Berline Crary Hickman, |
(Sugar Hill, 2002)
Subtitled "A Decade of Tunes From the Edges of Bluegrass," this CD assembles 15 of the best tracks from the four original LPs recorded by fiddler Byron Berline, guitarist Dan Crary and banjoist John Hickman, and released between 1981 and 1989, when they were joined by bassist Steve Spurgin for the final album. This is nothing less than a master class in acoustic music, and anyone who loves bluegrass should quickly grab this one, even if they have the original LPs. The engineering here is wonderful, and every individual voice stands out from the rest.
The tunes are divided fairly equally between the traditional and compositions by the band members, and it all starts off with "Forked Deer," in which the interplay between mandolin and fiddle is a wonder to behold, as close to a wall of sound as you can get in bluegrass. The inventiveness of these players is immediately obvious, as they create a musicological exploration out of this simple tune, going through permutation after permutation. Berline explodes out of the gate on his "Big Dog," and Crary does some miraculous flatpicking, the whole shebang ending in blazingly fast unison. "Fall Creek" has a Celtic flavor, with a wonderful descending line, while "Bonaparte's Retreat" starts languidly but kicks into gear with a wide assortment of up-tempo variations.
Berline's "Pistol Pete" has some delightfully quirky changes and chromatic shifts, while "Fisher's Hornpipe" is given new life by some alternate chords that accompany the fiddle lead. "Night Run" is a Crary original with a dark, menacing undercurrent and some jaw-dropping guitar work, followed by a live-wire "Turkey in the Straw." Shifting moods and tempos make something fresh of the old chestnut, "Under the Double Eagle," and the follow-up, "Henry's Hornpipe," is great fun.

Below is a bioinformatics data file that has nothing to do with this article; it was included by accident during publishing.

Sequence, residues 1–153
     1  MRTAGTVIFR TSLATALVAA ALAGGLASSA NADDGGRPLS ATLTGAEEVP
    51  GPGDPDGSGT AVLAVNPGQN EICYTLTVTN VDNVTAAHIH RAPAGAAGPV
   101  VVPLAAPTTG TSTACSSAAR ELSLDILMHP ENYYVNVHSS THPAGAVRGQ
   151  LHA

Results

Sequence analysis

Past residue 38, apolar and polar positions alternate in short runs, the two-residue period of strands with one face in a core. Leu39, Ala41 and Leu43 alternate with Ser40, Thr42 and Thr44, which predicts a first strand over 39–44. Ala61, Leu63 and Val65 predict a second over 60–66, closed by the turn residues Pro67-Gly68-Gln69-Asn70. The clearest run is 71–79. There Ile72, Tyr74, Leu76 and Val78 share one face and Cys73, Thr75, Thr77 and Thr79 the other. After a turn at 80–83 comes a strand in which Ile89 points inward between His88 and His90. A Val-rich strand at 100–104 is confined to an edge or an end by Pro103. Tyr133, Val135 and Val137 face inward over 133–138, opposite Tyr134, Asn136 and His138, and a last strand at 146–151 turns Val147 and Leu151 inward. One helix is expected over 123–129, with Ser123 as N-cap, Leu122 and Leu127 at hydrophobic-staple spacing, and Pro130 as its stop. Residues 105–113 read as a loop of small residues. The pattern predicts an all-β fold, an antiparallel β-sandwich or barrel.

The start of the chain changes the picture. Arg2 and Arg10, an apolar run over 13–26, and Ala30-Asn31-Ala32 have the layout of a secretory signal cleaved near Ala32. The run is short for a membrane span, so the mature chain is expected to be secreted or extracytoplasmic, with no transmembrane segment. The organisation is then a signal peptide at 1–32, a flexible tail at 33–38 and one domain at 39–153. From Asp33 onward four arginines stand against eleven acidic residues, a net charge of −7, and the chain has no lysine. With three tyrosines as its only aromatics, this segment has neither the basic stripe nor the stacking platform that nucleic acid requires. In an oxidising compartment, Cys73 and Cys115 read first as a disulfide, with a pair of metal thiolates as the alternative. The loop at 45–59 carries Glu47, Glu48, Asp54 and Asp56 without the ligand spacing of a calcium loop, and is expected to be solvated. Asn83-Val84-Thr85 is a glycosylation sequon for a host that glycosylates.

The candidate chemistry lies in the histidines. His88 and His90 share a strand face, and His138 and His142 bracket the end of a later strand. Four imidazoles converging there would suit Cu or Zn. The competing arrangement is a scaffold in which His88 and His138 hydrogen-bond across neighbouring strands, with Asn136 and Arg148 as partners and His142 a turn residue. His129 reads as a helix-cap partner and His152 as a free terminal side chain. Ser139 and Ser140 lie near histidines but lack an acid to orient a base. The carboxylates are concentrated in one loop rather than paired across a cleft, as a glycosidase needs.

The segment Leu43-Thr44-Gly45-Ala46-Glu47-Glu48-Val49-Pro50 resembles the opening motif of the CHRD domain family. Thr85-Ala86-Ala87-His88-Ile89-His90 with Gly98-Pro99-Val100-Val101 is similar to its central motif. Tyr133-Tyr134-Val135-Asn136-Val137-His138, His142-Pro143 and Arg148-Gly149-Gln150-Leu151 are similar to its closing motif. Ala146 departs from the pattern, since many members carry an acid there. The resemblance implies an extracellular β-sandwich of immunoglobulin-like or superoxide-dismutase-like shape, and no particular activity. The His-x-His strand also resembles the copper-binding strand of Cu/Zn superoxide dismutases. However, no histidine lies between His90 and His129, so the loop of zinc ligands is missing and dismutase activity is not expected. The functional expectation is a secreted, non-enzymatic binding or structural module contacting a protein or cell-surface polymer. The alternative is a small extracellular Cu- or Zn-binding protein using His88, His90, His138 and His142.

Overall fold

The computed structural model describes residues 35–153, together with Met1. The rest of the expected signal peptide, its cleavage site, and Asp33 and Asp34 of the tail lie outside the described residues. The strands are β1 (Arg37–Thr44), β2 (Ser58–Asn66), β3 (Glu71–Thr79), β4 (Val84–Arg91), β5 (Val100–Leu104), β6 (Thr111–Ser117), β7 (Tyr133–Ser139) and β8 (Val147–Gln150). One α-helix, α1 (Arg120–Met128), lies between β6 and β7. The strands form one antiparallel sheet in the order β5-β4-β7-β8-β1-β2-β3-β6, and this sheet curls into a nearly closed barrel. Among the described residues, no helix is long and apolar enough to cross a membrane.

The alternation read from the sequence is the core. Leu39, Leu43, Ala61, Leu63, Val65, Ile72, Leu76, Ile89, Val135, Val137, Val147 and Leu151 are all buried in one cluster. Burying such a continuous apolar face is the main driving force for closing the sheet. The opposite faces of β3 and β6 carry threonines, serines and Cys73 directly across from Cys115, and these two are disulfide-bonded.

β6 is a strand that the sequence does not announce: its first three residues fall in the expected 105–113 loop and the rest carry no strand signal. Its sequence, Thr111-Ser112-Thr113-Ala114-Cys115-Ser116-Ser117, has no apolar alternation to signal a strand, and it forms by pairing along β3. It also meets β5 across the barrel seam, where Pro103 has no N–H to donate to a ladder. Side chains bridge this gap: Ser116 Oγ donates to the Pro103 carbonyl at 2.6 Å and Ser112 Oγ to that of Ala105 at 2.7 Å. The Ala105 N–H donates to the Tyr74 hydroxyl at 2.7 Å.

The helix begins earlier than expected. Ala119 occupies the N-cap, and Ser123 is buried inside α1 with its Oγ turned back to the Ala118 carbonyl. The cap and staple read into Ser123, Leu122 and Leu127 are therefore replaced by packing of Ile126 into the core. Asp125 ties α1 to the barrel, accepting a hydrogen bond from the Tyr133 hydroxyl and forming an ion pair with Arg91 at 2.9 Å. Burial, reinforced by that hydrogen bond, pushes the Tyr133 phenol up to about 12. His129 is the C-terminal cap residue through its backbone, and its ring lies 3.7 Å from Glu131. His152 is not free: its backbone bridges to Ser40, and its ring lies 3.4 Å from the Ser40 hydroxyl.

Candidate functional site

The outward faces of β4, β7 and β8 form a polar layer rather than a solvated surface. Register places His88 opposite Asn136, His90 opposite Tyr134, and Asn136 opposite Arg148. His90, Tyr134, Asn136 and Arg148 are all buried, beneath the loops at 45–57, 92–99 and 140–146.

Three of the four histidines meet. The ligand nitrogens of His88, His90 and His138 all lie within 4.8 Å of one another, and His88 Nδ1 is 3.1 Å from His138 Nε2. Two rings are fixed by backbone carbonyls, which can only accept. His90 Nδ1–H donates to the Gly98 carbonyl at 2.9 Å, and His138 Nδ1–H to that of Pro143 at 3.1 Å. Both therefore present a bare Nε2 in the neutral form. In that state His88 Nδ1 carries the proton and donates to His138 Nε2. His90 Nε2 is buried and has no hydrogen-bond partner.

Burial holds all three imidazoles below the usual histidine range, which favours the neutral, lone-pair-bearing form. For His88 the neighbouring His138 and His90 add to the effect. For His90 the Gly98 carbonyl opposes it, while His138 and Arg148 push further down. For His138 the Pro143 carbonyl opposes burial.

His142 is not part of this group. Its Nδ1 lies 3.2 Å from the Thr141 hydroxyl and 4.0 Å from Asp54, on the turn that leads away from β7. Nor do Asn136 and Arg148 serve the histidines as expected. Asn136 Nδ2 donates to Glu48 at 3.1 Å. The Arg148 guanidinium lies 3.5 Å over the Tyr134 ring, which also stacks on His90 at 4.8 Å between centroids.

Berline's "Early Times" is the only one of these tunes whose treatment seemed repetitive to me, but "Storm Over Oklahoma" more than makes up for it, starting off moodily and flashing into a Texas-style fiddle tune. Everyone sparkles on "The Dusty Miller," and the "Old Time Medley" is another wonder, solidly anchored by Jerry Scheff's imaginative bass work. The album wraps up with Berline's "Cricket," a blisteringly fast tune that everyone makes look easy.
What's so impressive about the way these three musicians work together is that while one is soloing, the others don't just play "um-chunk um-chunk" behind, but are doing their own things as well, so that you always have three intertwining and creative voices. This technique makes this album deserve the sobriquet of "Chambergrass" more than just the fact that these guys performed sitting down like classical musicians rather than standing and playing. There was always great musical creativity and interplay occurring at every moment, an unbroken tapestry of sound, and we're fortunate to have this "best of the best" from these four classic albums, now seemingly out of print. Don't wait for this one to get that way -- this music is too good to lose.
[ by Chet Williamson ]